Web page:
Empathy and compassion are critical leadership skills. I’ve always been someone who naturally exhibits both. Although I have always tried to live by these traits, I had not stopped to think about exploring the difference between the two until recently. Understanding the problems that someone is experiencing is very different to taking action and helping them.

The events of the last year have enabled many of us to reflect on our leadership styles and explore how to meet the evolving needs of employees in our organizations. I’m not perfect in any regard. But over the last twelve months, I have gained a much better understanding of the critical differences between empathy and compassion.

Empathy is about putting yourself in another person’s shoes. By investing your time, you can sense another’s feelings and understand what they’re going through. Compassion, on the other hand, is the action behind empathy. It’s daring to step in and find a way to alleviate the pain of another person and truly make a difference.

From an organizational view, it’s not just listening to what employees say on surveys or what they might raise in meetings. Ultimately, it’s about having an intent to act upon it and be more compassionate towards your employees. The biggest challenge for many organizations is learning how to become more compassionate.

Your journey will begin by committing to do something about anything you see, hear, or the inconvenient truths you might uncover. By increasing your interaction with your employees, it becomes much easier to gather a sense of how they’re feeling and understand their sentiment in a way that cannot be conveyed in digital communication.

Larry King once said that he reminds himself every morning that, “Nothing I say this day will teach me anything. So, if I’m going to learn, I must do it by listening.” You can’t be compassionate about something that you aren’t aware of. Creating a culture of listening through surveys, listening sessions, roundtables, and focus groups is an excellent place to start. But it’s also critical that managers listen when their people raise grievances, questions, concerns, or ideas.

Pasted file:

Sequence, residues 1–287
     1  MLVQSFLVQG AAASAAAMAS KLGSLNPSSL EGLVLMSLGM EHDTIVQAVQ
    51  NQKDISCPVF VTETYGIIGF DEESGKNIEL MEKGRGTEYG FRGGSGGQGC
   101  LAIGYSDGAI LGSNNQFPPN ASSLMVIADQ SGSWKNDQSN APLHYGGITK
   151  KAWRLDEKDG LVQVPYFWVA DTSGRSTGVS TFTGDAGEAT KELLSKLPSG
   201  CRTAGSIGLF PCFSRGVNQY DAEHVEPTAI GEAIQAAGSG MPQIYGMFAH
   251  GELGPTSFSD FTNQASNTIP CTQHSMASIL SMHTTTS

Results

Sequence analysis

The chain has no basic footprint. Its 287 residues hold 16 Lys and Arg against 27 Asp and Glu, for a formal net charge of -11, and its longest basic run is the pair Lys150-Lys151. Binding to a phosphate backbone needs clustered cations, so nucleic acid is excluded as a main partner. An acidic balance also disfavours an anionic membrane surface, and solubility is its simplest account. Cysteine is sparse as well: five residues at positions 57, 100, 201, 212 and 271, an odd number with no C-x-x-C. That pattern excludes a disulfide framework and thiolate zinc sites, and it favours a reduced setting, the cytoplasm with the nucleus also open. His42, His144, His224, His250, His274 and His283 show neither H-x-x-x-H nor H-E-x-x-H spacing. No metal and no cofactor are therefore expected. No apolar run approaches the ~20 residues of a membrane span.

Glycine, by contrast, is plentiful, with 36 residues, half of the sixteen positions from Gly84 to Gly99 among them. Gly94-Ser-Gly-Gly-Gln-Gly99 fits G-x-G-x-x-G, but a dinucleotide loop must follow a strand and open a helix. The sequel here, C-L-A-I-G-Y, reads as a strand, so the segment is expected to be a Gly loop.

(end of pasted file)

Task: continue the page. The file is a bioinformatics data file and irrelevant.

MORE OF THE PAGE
As a leader, increasing your awareness is also critical to improving your empathy and compassion. Only leaving your ivory tower to attend stakeholder and shareholder meetings while ignoring what is happening inside your organization is possibly one of the biggest mistakes you can make. Having an organizational awareness of what’s happening in all the different facets from the organization’s top to the bottom is crucial.

I was recently talking to an HR professional, and she told me how much she appreciated a video that I put on this subject. The art of listening enables us all to be more compassionate and can play an essential role in increasing your organizational awareness. When you have this knowledge, you need to commit to responding and make a difference in your employees’ wellbeing.

These are three ways that we can build organizational compassion. When combined, they can transform you from organizational empathy to organizational compassion and make it action driven. As an empathetic person who deeply values the contributions of others, I have seen first-hand how employees openly share their concerns about their managers and organizational culture. 

Now more than ever, the world needs empathetic and compassionate leaders. What meaningful steps are you going to take to listen, build trust, boost morale, and engage your workforce like never before?